Stepping out with Azure WebJobs

A while back, Microsoft Azure team announced preview of WebJobs and Hanselman blogged about it. Since then, I always wanted check out Web Jobs and finally I did it recently. And ..holy mother of god! Smile

Premise

WebJobs are cron jobs. For operation(s) that are to be performed repetitively or in a scheduled manner WebJob  is good proposition. WebJobs have been packaged along with Azure websites. The popular use case Microsoft is targeting to use WebJobs is as backend for the Websites.

Let’s say you have an e-com website and you are receiving tons of orders. For better scalability, your website (front end) would submit those order to let’s say a Azure queue. You would then have WebJob(s) configured as backend to read messages off top of the queue and process them. Or you can have a nightly cron job, which goes through the orders and sends a digest or suggestions in an email  etc. Or you can have it to do a monthly invoicing. So all those backend jobs that you do not want to perform in front end for obvious reasons can be done using WebJobs.

Even if WebJobs comes packaged along with Azure Websites – nobody is stopping us from using them without websites. For doing certain operations repetitively, Azure PaaS already offers what is termed as Worker Role. But I personally find worker roles very ceremonial. They do make sense when you want to perform long running, heavy-duty operations and you need horizontal/ vertical scaling to do that. But for doing tiny, repetitive, loopy code blocks or doing certain things in scheduled manner worker roles are expensive (time, money-wise). Worker roles are powerful, no doubt, but with great power comes great responsibility. (Can’t believe I just said that Smile) Primarily what they offer is an infinite while loop and then it’s your responsibility to implement scheduling, triggers etc.  WebJobs are light-weight, deployment-friendly and provide in-built mechanism to schedule stuff.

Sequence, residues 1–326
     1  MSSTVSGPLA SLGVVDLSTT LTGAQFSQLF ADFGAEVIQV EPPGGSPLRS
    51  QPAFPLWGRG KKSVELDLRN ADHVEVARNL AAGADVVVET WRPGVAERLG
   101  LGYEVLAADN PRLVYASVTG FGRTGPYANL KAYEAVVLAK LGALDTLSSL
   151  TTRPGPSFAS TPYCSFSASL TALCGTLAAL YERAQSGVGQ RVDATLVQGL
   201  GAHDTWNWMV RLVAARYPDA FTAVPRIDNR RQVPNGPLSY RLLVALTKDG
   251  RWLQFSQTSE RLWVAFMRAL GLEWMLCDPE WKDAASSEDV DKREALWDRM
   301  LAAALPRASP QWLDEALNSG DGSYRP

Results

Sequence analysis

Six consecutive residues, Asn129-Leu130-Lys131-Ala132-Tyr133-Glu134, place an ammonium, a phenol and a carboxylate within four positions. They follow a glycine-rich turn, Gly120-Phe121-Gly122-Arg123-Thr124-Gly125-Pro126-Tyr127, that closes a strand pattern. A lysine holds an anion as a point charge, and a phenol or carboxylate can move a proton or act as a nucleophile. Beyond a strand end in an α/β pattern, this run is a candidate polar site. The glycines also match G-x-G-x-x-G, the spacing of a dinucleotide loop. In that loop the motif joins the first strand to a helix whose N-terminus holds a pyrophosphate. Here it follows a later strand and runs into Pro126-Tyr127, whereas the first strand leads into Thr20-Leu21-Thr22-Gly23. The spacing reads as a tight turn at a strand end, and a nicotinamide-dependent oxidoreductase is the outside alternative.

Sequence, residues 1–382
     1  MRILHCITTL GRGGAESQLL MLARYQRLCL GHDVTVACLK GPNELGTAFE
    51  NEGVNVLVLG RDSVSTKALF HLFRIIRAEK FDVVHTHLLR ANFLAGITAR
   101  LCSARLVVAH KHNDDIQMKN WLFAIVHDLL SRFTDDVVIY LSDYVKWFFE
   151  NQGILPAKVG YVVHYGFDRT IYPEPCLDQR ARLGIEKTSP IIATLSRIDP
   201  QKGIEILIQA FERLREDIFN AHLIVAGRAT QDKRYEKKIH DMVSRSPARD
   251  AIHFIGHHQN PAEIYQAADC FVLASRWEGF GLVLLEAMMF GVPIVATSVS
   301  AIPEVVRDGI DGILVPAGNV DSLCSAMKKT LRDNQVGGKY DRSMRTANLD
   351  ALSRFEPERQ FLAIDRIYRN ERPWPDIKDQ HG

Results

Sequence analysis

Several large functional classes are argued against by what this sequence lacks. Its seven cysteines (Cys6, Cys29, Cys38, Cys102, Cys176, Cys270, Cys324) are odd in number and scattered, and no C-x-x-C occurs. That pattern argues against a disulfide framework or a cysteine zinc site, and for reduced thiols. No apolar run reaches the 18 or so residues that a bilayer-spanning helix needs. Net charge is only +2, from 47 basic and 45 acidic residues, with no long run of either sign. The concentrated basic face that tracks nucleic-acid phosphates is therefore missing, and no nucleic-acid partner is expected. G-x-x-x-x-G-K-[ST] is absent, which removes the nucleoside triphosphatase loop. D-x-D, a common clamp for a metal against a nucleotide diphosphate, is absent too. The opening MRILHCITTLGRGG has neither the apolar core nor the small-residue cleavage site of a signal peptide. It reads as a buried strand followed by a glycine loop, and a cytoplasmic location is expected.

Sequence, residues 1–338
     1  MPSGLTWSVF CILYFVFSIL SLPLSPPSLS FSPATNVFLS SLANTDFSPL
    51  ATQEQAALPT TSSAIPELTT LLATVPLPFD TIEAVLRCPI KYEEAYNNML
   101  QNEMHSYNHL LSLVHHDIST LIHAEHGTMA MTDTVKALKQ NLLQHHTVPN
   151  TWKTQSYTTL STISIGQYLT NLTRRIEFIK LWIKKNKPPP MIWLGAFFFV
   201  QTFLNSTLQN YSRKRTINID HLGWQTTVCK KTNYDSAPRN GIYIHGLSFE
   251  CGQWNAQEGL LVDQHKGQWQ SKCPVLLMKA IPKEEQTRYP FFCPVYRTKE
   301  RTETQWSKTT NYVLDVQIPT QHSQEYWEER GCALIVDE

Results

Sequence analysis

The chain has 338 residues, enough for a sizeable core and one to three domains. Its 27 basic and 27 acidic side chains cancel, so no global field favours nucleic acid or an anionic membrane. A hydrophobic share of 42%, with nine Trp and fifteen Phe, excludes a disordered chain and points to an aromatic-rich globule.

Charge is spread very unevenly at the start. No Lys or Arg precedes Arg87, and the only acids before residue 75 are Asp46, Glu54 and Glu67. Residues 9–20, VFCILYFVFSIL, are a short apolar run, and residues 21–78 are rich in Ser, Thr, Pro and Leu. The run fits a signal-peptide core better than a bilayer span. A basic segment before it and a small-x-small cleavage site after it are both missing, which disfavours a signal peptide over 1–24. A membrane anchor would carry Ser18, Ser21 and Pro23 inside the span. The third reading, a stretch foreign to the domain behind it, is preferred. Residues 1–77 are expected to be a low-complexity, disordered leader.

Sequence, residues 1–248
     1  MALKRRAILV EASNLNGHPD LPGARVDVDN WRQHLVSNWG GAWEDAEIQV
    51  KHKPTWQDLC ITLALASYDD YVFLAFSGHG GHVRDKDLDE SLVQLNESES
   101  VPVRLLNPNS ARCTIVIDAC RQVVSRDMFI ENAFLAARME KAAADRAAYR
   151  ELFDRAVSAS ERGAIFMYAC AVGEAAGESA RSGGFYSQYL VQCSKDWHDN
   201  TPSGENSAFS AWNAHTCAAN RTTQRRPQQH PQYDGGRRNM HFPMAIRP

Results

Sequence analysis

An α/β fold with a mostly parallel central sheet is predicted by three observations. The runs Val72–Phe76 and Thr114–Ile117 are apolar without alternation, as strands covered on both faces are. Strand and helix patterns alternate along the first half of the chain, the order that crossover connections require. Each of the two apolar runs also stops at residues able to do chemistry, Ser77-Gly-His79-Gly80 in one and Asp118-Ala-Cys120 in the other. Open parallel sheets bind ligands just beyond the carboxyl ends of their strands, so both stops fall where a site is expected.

Implementing popular use cases using WebJobs

Conceptually, WebJob (the way I understood them) is an infinite while loop that listens for an event or trigger. You can make this listener trigger again and again continuously or you can schedule it if that’s the story you want to tell.

For all sorts of WebJobs development, Azure Web Jobs SDK and respective nuget packages needs to be pulled.

Here is an example of a WebJob that is implemented as a command line .NET exe. This one reads a message off top of a storage queue and writes that entity to the Azure table storage.  Every time a new message is available in the queue the ProcessQueueMessage() method is trigged automatically along with the respective trigger inputs.

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Below code block shows another type of trigger that is listening on a topic/subscription. As soon as a new message is delivered to the subscription it picks up that brokered message writes it to the table storage.
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In both examples, and instance of JobHost is created and registered in Main() which ensures the timely or scheduled execution of WebJob.

Deployment

Interestingly WebJobs support multiple ways to deliver the package. (I prefer and like the command line .NET exe, but suit yourself).Using Azure management portal you can drop a file in a certain location on the IIS box and rest is magic. Following file types are supported :

  • .exe – .NET assemblies
  • .cmd, .bat, .exe
  • .sh
  • .php
  • .py
  • .js

Once the deployment is done one can manage the WebJob – start, stop, delete etc.

Using Website => WebJobs => Add a job switch a new job can be added.

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A WebJob can be set to run continuously or scheduled.

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Schedule can be as granular as your requirement demands. Interestingly a WebJob can be configured as recurring or as a one-time-deal as well.

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Quick word of caution. Webjobs are deployed on the IIS box, so make sure you are not doing such an operation as part of it that hogs all the memory and CPU. Good news though is it does not use IIS’s thread pool. For scaling WbJobs you need to scale your website.

Feel free to ping me in case of any help.